I moved right behind him, breathing down his neck and almost clipping his heels as we ran through the gentle turn. The road immediately curves back the other way, and I knew this guy would try to move over to follow the tangents. So as soon as we hit the inflection point in the twisting road, I moved to his shoulder and blocked him. He looked over at me with a clearly annoyed look on his face, to which I responded by throwing my own elbow, and pulled away from him. I didn’t realize that we’d passed the mile 5 marker in 6:54, and didn’t even have time to check my watch for pace because just as I passed the jackass, I got passed. I recognized the passer as one of the employees at our LRS who we’ve become friendly with over the years of biweekly visits. From The Wife’s stalking of race results I knew we were about the same speed, so I tried to hang on to him as long as I could.
As we continued to weave through the canyon of post-modern glass towers, my LRS friend was slightly pulling away, but I noticed we were both finally gaining on the 45 minute pacer. I tried to do one last status check, but gave up when I realized that I didn’t have the mental energy for it. I was drooling on myself, my form was a disaster, and despite the 60 degree temps I was flinging flop sweat like a dog shaking off after a bath. So I swore out loud one more time since that seemed to be working and kept on the gas. We turned off of Peachtree Road and I passed mile 6 in 6:36. Both my LRS friend and the 45 minute pacer finally looked as though they were running out of steam, and the thought of catching them on the last downhill stretch helped me maintain pace. When I caught LRS guy I glanced over and nodded, and he looked at me and said “you got this”. Now, and I don’t know how or why, but when he said that I suddenly thought to myself “yes, I do” and took off. I had no idea where this extra gear came from or how long it would last, but it felt like I had jet fuel pumping through my veins and I rode it down the hill and through the last turn. Don’t run like this at home kids:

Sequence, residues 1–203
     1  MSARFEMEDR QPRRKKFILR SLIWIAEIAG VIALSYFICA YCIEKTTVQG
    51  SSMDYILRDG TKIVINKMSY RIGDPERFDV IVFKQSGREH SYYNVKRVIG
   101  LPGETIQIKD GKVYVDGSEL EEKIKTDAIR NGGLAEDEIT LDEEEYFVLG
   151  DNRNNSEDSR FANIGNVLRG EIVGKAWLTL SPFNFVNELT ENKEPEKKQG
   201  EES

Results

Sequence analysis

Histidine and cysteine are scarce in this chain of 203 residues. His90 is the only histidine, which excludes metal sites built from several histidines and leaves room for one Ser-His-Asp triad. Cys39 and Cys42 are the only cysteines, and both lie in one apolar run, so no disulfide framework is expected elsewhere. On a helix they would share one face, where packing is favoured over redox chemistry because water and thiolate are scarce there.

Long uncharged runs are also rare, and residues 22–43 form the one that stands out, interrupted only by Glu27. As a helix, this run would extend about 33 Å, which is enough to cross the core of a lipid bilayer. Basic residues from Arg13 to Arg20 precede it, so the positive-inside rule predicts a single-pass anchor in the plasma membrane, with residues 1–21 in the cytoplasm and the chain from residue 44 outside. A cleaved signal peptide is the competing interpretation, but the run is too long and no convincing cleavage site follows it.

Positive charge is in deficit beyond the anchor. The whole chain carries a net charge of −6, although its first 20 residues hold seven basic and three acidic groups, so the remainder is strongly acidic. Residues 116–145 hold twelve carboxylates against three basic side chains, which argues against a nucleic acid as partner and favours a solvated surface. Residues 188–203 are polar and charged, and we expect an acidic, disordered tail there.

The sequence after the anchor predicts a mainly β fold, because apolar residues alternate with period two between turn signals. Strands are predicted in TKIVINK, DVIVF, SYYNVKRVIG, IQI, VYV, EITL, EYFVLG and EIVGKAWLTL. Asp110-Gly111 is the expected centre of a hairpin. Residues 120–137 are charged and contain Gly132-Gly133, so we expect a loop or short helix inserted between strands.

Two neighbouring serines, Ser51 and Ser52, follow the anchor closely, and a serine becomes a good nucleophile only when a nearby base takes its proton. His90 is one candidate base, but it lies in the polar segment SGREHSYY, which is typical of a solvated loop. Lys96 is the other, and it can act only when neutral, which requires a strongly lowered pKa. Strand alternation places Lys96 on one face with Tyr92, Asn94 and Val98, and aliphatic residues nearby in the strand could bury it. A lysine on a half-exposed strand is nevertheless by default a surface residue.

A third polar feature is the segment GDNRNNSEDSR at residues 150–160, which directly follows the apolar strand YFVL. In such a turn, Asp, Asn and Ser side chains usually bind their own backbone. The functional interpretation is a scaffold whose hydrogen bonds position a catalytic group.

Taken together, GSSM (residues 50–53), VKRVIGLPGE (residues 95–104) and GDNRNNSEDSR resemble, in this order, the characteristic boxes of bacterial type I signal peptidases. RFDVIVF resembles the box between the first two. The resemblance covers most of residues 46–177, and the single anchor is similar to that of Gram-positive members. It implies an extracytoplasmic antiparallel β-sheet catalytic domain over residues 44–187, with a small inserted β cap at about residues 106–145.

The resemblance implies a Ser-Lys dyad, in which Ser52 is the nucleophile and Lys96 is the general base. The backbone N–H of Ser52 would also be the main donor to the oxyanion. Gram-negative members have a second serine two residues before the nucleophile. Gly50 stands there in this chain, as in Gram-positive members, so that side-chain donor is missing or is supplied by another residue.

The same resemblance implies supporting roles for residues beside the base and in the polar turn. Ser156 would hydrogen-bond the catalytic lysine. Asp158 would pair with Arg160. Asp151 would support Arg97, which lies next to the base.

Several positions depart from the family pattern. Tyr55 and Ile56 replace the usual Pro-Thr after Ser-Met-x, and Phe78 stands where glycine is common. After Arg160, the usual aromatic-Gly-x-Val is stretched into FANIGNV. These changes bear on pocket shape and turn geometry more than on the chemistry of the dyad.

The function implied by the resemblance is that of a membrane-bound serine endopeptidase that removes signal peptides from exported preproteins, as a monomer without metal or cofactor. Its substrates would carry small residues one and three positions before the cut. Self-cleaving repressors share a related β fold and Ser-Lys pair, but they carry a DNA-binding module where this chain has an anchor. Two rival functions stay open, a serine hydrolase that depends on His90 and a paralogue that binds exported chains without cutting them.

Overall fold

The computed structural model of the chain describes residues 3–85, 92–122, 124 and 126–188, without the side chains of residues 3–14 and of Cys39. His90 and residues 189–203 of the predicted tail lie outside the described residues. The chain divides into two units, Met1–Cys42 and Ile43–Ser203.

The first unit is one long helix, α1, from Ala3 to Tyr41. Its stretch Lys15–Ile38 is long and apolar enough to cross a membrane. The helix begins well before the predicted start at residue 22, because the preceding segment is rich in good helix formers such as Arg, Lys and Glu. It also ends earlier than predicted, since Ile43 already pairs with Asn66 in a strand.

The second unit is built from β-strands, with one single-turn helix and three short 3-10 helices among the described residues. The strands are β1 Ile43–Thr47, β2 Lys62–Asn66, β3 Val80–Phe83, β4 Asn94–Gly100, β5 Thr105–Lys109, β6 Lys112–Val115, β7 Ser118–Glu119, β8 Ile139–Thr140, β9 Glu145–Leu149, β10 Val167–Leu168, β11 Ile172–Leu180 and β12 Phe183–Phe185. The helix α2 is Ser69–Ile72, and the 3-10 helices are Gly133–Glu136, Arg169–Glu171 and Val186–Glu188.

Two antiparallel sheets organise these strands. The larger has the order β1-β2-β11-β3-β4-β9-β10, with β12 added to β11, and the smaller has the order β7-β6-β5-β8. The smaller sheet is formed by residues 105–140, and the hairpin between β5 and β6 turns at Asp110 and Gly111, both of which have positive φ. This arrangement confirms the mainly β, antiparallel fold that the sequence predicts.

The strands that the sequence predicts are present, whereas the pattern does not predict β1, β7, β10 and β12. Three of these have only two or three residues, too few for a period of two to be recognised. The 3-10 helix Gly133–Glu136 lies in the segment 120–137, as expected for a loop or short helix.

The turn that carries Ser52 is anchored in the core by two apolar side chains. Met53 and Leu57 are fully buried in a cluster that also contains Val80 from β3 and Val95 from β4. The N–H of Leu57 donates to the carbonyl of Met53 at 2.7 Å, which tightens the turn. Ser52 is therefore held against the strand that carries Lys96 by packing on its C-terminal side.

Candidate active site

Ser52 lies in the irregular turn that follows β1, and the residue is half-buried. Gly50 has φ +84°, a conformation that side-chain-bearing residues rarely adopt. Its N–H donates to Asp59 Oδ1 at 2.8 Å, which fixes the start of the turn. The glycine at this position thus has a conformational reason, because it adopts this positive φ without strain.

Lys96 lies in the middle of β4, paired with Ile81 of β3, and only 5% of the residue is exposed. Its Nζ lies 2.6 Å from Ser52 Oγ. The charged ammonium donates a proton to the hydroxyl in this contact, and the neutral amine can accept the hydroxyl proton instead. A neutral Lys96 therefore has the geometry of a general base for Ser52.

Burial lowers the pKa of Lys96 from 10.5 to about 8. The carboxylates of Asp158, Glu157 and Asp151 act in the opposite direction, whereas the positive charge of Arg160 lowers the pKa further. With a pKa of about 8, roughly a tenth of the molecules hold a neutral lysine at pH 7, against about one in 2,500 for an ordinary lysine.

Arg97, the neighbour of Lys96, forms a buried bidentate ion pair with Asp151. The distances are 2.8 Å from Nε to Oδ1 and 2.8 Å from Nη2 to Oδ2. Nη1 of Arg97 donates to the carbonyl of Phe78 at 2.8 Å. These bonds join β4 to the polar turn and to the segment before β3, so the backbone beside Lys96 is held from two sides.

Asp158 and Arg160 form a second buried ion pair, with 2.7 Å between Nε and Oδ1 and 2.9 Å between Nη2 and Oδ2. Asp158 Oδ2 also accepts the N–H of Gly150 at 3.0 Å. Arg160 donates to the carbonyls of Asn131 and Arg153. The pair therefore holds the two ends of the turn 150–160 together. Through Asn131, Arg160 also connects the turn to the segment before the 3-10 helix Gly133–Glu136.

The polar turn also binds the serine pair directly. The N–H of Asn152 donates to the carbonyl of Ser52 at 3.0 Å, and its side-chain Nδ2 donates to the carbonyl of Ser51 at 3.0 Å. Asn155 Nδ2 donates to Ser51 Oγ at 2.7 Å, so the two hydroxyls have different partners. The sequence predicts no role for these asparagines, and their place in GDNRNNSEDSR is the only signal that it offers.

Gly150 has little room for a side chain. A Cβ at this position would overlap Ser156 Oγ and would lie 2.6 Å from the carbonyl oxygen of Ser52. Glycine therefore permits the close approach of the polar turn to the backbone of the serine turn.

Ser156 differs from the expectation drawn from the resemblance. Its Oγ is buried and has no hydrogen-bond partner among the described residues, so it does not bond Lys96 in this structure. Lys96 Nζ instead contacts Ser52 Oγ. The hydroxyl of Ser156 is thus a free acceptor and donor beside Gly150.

I ran the last quarter at a 5:43 pace, passed the 45 minute pacer right before funneling into the finish chute, and crossed the line in 43:29. Which means the 45 minute pacer finished in something like 43:35. Perfect. This also means I really should get better at runner math if I couldn’t figure out they were that far ahead. I mean, it’s not like I took 6 semesters of calculus or anything. (It was only 5)
I caught my breath and realized I had hit my predicted time to the second, and had repeated last year’s race almost exactly. Just faster. I stumbled around on gummy legs waiting for The Wife to finish and thinking about how I had somehow again delivered when I had no business running fast. In my post-race daze, all I could come up with was that I must have some kind of superpowers to keep pulling this off. When I told The Wife what I ran she got mad and started yelling something about perfect training never working for her but I can show up hungover or sick or so tired she has to help me tie my shoes and I somehow PR anyway. I tried to tell her about the superpowers, but she only yelled louder. Which meant that all the people trying to hand us flyers and sell us crap as we walked through the train station were terrified of her and left us alone, which I think might be her superpower.
As a fitness check race, this was a resounding success. I finished right in the middle of the window which predicts a 3:20 marathon, and the remainder of training went extremely well, so I’d say everything is on track and we’re all systems go for Chicago this Sunday. I also thought about how awful I felt on race morning, and how awful I’ve felt for so many of my best races, and started planning for my pre- marathon routine. Deep dish with extra sausage for dinner the night before with a couple pitchers of beer oughta do the trick. Maybe hit the clubs a bit and roll straight from the velvet ropes to the starting line. That seems to be how I activate these superpowers, so I may as well go all in.